Shock & Awe

Review: Shock & Awe: Operation Enduring Unity II by Richard Peters

Amateurs think tactics, dilettantes think strategy, and professionals think logistics.

Disrupting enemy supply chains is a one of the main elements of Peters’ novel. Given that both sides use the internet and speak the same language, it’s easier than in a lot of other wars.

ShockThe other big element is that the fortunes of war can change very quickly. Victory, in the propaganda and shooting wars, shifts rapidly here.

The first book used political analogies from history. This book uses battle analogies. The rebel URA mounts a Bay of Pigs style effort in Florida. Denver threatens to become Stalingrad as the USA attempts an invasion of its breakaway western states. Continue reading “Shock & Awe”

Power Games

When Richard Peters offered me a review copy of his novel Power Games: Operation Enduring Unity 1, I was not enthusiastic.

Power GamesThe cover (not the one shown) looked kind of cartoonish. A blurb stating “After years of unchecked extremism, the presidential election is now a high-stakes poker game played out on a bloody table.” did not sound promising. I suspected either an attack on “Tea Party extremism” or, in the manner of some of the self-published survivalist novels I’ve read descriptions of, an attack on the current U.S. administration. No matter how congenial the politics, I expected crude satire or propaganda. The title seemed too cute too.

But it was a story about a Second American Civil War, and I suspect, as the years go by, we will hear more about states contemplating secession from the Union for whatever reason. Having reviewed Adam Connell’s Total Secession, a very different novel set against the background of a soon to be extinct Union, I was curious what Peters did with the idea.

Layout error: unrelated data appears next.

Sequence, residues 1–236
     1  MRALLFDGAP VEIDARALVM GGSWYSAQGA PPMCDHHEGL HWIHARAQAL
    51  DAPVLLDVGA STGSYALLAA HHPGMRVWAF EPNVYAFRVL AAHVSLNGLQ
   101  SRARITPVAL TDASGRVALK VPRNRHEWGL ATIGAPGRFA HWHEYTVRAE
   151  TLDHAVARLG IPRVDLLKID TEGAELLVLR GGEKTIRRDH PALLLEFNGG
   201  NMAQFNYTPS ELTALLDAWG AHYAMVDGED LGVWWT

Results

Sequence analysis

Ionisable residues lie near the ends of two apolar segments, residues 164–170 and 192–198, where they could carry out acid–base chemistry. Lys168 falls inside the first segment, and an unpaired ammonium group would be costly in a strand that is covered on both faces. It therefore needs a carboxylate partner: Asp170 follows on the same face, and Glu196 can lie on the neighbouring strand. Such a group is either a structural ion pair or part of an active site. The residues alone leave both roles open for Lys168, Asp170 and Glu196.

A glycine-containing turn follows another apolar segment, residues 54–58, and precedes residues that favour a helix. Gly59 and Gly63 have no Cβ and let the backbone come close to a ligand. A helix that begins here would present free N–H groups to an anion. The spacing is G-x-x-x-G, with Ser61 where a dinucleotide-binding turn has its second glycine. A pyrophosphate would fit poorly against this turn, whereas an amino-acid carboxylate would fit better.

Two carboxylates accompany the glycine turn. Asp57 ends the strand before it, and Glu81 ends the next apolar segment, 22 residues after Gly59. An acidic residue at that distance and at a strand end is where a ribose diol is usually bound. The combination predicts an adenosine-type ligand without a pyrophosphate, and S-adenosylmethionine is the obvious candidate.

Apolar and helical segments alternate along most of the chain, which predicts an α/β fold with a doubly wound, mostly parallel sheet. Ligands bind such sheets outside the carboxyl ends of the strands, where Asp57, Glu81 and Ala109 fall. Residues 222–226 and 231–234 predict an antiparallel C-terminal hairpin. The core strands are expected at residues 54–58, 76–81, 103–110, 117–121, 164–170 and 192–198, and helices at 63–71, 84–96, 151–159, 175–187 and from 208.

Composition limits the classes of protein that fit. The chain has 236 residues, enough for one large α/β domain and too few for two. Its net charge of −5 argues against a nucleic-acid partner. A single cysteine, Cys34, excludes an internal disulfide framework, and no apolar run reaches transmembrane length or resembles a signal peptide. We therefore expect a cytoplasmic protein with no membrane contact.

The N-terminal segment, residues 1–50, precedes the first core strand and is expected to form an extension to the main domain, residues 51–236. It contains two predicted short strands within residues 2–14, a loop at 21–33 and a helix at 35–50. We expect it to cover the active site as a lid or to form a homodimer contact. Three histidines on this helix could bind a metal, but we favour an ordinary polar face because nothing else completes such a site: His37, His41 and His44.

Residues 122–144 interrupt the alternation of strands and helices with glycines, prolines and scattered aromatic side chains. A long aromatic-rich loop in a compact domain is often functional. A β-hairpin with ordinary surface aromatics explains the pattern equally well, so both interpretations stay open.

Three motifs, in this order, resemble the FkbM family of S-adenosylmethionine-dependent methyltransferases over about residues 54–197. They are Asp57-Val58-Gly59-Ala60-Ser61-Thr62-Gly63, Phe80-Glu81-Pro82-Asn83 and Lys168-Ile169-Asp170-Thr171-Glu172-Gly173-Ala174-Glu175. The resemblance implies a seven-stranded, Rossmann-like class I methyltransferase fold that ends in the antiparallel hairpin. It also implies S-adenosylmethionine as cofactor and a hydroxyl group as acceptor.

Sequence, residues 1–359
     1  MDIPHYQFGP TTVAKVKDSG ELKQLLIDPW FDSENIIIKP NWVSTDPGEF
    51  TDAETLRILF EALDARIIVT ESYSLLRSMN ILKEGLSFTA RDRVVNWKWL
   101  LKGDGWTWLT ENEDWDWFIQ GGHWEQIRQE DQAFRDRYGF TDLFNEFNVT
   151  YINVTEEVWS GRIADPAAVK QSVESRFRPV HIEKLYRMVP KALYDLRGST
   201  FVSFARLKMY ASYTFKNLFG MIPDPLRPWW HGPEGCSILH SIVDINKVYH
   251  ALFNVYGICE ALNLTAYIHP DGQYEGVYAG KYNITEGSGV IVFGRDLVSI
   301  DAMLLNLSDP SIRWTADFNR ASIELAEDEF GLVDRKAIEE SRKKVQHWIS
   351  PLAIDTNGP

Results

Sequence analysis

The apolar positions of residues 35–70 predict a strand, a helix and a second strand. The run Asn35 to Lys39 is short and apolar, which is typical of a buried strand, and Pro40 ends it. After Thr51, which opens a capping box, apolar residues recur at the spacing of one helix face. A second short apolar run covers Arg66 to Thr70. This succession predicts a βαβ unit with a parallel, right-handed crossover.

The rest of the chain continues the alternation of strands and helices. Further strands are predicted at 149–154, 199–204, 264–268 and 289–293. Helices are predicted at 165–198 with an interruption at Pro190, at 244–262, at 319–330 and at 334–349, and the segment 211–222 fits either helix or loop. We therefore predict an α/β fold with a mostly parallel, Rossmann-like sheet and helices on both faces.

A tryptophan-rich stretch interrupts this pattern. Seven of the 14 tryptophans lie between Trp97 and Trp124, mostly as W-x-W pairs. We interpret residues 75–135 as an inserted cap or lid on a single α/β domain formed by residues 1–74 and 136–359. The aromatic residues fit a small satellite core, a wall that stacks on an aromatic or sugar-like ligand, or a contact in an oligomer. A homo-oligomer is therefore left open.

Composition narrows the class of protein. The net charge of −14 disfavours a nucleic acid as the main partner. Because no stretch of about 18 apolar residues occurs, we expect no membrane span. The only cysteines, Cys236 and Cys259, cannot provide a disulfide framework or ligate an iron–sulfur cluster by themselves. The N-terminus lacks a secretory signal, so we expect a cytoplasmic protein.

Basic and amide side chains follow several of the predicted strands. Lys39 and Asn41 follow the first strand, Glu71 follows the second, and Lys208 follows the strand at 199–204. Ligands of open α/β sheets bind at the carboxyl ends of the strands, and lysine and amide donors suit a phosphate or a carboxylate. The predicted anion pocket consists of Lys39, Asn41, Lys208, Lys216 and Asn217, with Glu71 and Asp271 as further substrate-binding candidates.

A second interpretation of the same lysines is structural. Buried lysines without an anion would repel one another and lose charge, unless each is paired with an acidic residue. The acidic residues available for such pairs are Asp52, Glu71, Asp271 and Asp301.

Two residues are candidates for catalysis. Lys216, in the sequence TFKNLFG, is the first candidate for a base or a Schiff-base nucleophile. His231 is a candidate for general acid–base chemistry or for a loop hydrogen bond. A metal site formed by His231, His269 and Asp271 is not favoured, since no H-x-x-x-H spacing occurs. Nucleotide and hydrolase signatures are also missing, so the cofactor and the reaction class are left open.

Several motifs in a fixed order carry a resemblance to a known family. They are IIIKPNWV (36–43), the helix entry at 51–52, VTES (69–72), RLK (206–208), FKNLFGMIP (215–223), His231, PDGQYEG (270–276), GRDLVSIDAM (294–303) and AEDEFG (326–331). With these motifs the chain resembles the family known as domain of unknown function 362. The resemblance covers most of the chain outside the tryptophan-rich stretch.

I liked it, a lot, enough to buy the sequel Shock & Awe: Operation Enduring Unity 2 which just shows the wisdom of Peter’s advice to self-published authors: research and define your target reader.

Review: Power Games: Operation Enduring Unity 1 by Richard Peters, 2013.

No plan survives first contact with the enemy. Continue reading “Power Games”


Grant Palmquist’s Azure is the first self-published book I’ve reviewed here, but I’ve reviewed others in the last three years.

There doesn’t seem to be any reason to dispute the truism that the quality of self-published works varies greatly and is generally inferior in product and literary values (however defined) to “traditionally published” works.  (I doubt anyone is truly willing or able to actually do a census to confirm this, but I eagerly await such a study.)

That has not been my experience though.

Most of the self-published stuff I’ve read has been at least average in terms of literary quality. Production values — I’m talking the proofreading and formatting of e-books — tends to be the weakest area for self-published authors, and even there some, if not enough, of them take steps to match the quality of regular publishers.

Originally, I was going to do a breakdown of the self-published works I’ve reviewed, list the good, the bad, and the ugly. But, after looking at just how many books that was, I decided that seemed too much effort.

Palmquist provided me, via LibraryThing, a review copy of his short story collection Cemeteries of the Heart and Other Stories. I generally liked the book, and the production values were good. I was curious to see what he would do with the dystopia theme to ask for a review copy of this book.

Review: Azure by Grant Palmquist, 2013.

The novel starts out with a bang, several really, as our hero Asher Cain sees a mass shooting in a bar. The time is ripe for the “perfect end”, thinks Cain, his mouth gratefully wrapping around the barrel of one of the shooters’ weapons. But fate — and fate is a big thing in this book — intervenes in the form of an undercover android cop. Continue reading “Azure”